No less than seventeen of Hutton's friends (sixteen being churchmen) offered him their houses after the riots. For his wife's health he went to Hotwells, near Bristol. In 1792 he resumed, after forty years, the amusement of writing verse, and published some of his productions. An injury to his leg in 1793 interfered to some extent with his pedestrian habits. He handed over his business to his son, and confined himself to his dealings in land, which continued to prosper. After his wife's death (1796) he travelled much, in company with his daughter, publishing the results of his observations and researches. A regular and simple mode of life preserved his constitution in remarkable vigour. 'At the age of eighty-two,’ he says, 'I considered myself a young man.' On 5 Oct. 1812, in his ninetieth year, he walked into Birmingham for the last time. He died on 20 Sept. 1815. His portrait is in the Union Street Library, Birmingham. He married, on 23 June 1755, Sarah (b. 11 March 1731, d. 23 Jan. 1796), daughter of John Cock of Aston-upon-Trent, Derbyshire, and had issue: (1) Catherine [q.v.]; (2) Thomas, born 17 Feb. 1757, married, on 5 Sept. 1793, Mary Reynolds of Shifnal, Shropshire, died, without issue, 10 Aug. 1845; (3) William, born 2 July 1758, died 19 May 1760; (4) William, born 20 May 1760, died 3 April 1767.

Hutton has been called 'the English Franklin;' but while Hutton and Franklin have some native qualities in common, Hutton as much excels Franklin in geniality as he is Franklin's inferior in grasp of mind. His topographical works are well written, and their information is good. His personal narratives form a graphic record of a life of great industry, and abound in clear and sensible judgments on men and things. His philosophy of life is summed in a saying he quotes, to the effect that there are two kinds of evils which it is folly to lament: those you cannot remedy and those you can. His attitude towards religion struck his friend Priestley as too latitudinarian; ‘every religion upon earth is right, and yet none are perfect.' Though a dissenter, he professed himself 'a firm friend to our present establishment, notwithstanding her blemishes.'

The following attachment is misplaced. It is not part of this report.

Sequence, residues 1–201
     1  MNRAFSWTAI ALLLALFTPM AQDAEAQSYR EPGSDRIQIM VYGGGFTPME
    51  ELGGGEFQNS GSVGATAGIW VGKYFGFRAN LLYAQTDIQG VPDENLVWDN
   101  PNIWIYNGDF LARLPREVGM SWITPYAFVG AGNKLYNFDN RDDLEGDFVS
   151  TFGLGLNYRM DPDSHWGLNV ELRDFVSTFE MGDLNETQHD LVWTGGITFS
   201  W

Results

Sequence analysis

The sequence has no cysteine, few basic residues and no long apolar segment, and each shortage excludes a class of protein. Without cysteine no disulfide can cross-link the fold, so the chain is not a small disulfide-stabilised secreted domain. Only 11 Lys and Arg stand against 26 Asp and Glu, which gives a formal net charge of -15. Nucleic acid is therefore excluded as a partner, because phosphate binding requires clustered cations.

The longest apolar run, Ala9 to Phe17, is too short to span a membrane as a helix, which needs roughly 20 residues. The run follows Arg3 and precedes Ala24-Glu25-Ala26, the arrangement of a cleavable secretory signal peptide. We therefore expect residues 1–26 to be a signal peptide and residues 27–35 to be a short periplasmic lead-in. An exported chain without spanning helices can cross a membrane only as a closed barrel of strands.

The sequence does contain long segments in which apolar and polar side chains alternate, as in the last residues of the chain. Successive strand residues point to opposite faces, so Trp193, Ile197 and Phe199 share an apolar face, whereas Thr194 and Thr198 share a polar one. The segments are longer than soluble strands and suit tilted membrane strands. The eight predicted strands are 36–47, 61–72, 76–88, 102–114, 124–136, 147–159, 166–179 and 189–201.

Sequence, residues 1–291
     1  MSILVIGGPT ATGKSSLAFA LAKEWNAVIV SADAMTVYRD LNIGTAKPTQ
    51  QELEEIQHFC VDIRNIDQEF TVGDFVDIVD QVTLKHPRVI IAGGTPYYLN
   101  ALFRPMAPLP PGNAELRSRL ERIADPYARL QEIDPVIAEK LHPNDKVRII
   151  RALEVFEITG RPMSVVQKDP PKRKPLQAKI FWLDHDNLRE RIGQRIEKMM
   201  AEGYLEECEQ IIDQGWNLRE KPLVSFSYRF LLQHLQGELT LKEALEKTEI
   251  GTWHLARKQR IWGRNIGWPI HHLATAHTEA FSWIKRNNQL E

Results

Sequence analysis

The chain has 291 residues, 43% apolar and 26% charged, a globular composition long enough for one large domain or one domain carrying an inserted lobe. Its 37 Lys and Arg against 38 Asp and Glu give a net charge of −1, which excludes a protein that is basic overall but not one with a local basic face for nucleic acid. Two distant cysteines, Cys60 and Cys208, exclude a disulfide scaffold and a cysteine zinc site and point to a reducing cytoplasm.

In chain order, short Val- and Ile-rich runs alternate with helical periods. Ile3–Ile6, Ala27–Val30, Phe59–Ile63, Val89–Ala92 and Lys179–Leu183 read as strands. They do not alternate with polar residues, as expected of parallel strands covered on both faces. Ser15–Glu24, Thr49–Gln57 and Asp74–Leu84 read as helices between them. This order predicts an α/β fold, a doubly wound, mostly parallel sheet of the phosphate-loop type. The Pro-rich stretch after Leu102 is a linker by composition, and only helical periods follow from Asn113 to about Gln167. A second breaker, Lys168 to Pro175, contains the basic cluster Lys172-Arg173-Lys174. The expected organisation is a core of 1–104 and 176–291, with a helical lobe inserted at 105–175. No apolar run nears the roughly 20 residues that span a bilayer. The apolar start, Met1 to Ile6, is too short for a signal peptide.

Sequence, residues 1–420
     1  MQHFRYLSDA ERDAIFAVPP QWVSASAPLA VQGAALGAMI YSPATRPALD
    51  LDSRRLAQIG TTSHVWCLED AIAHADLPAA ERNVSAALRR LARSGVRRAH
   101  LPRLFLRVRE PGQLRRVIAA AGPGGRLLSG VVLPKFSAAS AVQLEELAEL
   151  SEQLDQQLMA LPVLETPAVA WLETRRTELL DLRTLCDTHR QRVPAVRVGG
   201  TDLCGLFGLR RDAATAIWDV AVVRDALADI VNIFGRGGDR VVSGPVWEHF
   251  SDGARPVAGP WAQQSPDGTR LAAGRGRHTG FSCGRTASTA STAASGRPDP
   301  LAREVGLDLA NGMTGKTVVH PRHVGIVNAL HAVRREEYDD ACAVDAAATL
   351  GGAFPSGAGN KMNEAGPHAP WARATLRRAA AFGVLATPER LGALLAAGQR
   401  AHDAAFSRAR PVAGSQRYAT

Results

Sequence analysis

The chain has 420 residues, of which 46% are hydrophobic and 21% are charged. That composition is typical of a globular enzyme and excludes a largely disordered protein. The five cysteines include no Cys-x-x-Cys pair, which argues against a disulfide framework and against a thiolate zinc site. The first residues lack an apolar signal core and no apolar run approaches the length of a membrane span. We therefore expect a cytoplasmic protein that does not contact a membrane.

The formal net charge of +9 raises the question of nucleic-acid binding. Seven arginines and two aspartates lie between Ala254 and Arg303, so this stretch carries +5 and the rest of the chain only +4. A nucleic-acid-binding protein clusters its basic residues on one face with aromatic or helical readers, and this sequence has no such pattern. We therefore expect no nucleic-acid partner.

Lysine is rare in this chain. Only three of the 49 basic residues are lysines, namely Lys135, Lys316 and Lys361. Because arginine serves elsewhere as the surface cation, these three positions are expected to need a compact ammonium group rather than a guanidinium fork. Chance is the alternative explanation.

Hutton published: 1. 'A History of Birmingham,' &c., 1781, 8vo (published 22 March 1782); 2nd edit., 1783, 8vo; 3rd edit., 1795, 8vo; 4th edit., 1809, 8vo. 2. 'A Journey … to London,' &c., 1785, 12mo; 2nd edit., 1818, 8vo. 3. 'Courts of Request,' &c., Birmingham, 1787, 8vo. 4. 'The Battle of Bosworth Field,' &c., 1788, 8vo; 2nd edit., edited by John Nichols, F.S.A., 1813, 8vo. 5. 'A Description of Blackpool,' &c., Birmingham, 1789, 8vo (a surreptitious second edition,' 8vo, was printed by Henry Moon at Kirkham, without date or author's name); 2nd edit., 1804, 8vo (this edition was nearly all destroyed by fire at Nicholls's London warehouse); 3rd edit., 1817, 8vo. 6. 'A Dissertation on Juries, with a Description of the Hundred Court,' &c., Birmingham, 1789, 8vo (sometimes a supplement to No. 3). 7. 'History of the Hundred Courts,’ &c., 1790, 8vo. 8. 'A History of Derby,' &c., 1791, 8vo; 2nd edit., 1817, 8vo. 9. 'The Barbers; or, the Road to Riches, a Poem,' &c., 1793, 8vo. 10. ‘Edgar and Elfrida, a Poem,' &c., 1793, 8vo. 11. 'The History of the Roman Wall,' &c., 1802, 8vo; 2nd edit., 1813, 8vo. 12. 'Remarks upon North Wales,’ &c., 1803, 8vo. 13. 'The Scarborough Tour,' &c., 1803, 8vo; 2nd edit, 1817, 8vo. 14. 'Poems, chiefly Tales,' &c., 1804, 8vo. 15. 'A Trip to Coatham,' &c., 1810, 8vo (portrait of Hutton in his eighty-first year, engraved by James Basire [q.v.]) Posthumous was 16. 'Life … written by himself; … to which is subjoined the History of his Family,' &c., 1816, 8vo (portrait, engraved by Ransom; edited by his daughter); 2nd edit., 1817, 8vo (rearranged); 3rd edit., 1841, 12mo (reedited, with additional notes, by his daughter, for Knight's 'English Miscellanies'); 4th edit. [1872], 12mo, ' William Hutton and the Hutton Family ' (full-length portrait, edited by Llewellyn Jewitt, with corrections from Hutton's original manuscript, a folio, written throughout with one pen). His 'Works,' 1817, 8vo, 8 vols., consist of the above, excluding Nos. 6, 9, 10, 14, the editions varying in different sets, with new general title-page to each volume.

[The earliest account of Hutton is in Phillips's Annual History of Public Characters, 1802; Biog. Dict. of Living Authors, 1816, p. 171; Monthly Repository, 1818, p. 368 sq.; Authentic Account of the Riots in Birmingham [1791], p.8; Report of the Trials of the Rioters [1791], pp. 14 sq.; Views of the Ruins, 1792 (view of Bennett's Hill, with narrative); Rutt's Memoirs of Priestley, 1832, ii. 187; notes supplied by S. Timmins, esq.; Hutton's Works.]